Made by Pilot, Iroshizuku is one of a new breed of boutique inks. The boutique aspect is, so far as I can make out, focussed upon charging rather higher prices than are strictly necessary for somewhat unusual colours which recline in relatively interesting bottles. They\’re nice enough, but in terms of functional performance, they\’re not a vast improvement upon common or garden ink. The Iroshizuku line is firmly planted in this paradigm
The name in direct translation means \”colour drops\”, and each ink has a similarly evocative name, usually taken from some natural inspiration.
Fuyu-Syogun: Translated by Pilot as \”Old Man Winter\”, the site I defer to for my translations of kanji suggests \”Jack Frost\” and \”General Winter\”. I find myself wondering if the latter is an actual figure in Japanese folklore; he\’s certainly been credited with a role in Russia\’s defence against both Napoleon and Hitler, and while not a part of Canadian mythology is certainly recognized by those of us who\’ve heard the name. The colour itself is a perfect mimic of a snow-filled sky, to the extent that I hesitate to use it in spring or fall for fear of like drawing like.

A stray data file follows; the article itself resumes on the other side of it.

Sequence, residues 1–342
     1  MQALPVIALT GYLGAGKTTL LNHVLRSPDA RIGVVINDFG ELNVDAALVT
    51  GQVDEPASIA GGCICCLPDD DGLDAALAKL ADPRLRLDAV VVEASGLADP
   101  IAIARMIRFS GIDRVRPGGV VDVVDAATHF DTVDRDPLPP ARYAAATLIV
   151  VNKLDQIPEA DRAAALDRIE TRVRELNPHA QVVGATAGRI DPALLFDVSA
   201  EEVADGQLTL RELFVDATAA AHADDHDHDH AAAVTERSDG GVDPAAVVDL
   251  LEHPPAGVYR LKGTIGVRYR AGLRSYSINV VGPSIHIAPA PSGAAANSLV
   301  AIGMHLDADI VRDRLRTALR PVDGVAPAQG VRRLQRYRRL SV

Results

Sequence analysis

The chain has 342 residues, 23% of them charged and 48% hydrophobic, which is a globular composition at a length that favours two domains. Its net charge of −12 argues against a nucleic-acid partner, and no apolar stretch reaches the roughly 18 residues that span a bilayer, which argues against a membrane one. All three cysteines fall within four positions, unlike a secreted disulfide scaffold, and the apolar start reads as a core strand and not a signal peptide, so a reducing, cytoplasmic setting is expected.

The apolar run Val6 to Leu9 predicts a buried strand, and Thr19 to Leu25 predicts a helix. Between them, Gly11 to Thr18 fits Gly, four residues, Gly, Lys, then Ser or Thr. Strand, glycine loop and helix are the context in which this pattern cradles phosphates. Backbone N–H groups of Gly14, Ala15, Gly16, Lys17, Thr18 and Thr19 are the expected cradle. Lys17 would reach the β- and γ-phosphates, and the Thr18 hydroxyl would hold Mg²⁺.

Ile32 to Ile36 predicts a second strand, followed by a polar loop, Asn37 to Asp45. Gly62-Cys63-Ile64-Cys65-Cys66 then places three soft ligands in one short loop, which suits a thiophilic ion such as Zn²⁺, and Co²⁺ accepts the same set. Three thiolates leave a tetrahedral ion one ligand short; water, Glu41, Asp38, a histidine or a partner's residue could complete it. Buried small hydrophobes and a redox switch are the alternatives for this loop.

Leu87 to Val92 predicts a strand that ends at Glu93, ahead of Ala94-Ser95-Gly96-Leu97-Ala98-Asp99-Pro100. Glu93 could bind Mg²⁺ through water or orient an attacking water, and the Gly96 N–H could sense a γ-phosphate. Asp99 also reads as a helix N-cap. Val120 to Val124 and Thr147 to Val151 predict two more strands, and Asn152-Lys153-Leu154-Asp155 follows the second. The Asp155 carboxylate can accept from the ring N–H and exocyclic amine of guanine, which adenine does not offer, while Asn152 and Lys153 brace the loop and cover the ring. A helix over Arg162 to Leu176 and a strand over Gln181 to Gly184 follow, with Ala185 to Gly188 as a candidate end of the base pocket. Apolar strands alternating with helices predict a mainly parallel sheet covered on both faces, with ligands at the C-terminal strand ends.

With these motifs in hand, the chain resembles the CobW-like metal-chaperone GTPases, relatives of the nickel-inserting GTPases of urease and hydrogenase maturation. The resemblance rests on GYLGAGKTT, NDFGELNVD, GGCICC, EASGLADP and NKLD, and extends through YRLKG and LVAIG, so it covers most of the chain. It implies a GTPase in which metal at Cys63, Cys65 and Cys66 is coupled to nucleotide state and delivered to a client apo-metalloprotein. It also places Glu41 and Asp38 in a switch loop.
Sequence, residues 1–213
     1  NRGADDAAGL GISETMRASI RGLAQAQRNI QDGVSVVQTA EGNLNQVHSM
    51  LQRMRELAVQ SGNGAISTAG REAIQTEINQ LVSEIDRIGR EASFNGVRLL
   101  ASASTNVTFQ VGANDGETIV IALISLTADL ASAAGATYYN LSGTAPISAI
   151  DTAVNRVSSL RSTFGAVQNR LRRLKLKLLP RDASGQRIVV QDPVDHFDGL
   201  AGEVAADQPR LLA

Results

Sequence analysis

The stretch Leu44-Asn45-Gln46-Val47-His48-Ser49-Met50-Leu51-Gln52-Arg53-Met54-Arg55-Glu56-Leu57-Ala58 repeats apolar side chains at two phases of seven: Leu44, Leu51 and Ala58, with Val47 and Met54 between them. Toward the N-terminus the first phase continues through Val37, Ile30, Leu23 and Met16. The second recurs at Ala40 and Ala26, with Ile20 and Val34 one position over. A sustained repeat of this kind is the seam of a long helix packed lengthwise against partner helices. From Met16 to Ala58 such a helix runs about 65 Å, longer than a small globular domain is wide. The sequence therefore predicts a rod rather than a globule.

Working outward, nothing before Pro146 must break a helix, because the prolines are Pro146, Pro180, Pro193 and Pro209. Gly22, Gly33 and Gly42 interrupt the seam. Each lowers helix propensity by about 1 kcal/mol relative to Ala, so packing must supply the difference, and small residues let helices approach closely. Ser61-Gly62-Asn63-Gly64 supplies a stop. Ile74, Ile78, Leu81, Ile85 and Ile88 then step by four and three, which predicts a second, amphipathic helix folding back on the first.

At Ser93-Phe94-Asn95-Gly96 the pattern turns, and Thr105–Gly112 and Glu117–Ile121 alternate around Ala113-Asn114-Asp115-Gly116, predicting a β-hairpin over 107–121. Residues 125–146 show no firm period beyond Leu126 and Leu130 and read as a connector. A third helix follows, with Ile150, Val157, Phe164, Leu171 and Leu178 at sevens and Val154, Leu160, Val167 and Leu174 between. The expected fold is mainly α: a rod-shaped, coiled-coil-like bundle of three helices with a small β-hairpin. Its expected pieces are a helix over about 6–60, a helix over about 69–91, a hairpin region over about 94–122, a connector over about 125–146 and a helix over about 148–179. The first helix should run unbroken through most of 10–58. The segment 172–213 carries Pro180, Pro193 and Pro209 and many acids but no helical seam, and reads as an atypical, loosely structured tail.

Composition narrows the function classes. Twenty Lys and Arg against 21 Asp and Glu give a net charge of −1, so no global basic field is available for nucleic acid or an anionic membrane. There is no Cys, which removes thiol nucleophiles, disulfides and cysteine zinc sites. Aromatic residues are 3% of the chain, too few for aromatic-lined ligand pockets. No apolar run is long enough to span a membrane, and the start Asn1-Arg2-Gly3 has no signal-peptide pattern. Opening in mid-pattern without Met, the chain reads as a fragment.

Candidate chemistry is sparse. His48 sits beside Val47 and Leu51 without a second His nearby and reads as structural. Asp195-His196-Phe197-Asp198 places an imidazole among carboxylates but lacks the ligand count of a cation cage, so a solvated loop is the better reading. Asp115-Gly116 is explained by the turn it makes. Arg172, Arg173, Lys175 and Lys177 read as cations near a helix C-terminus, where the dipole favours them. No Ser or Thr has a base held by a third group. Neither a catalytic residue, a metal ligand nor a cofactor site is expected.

Shin-Ryoku: The kanji on the bottle simple mean \”dark green\”, while Pilot would have the meaning as Forest Green. Like Diamine\’s Steel Blue, this ink hangs around on the borderlands between green and blue, which might make the western user ponder either of the translations. However, it\’s worth considering in this connection that in Japan the traffic signal that gets cars moving is known as a blue light.
Yu-Yake: a relatively muted orange, whose name means \”sunset\” (althought the literal meaning of the kanji is \”evening burning\”, which may offer some insight into the psychology of the people of ancient Japan).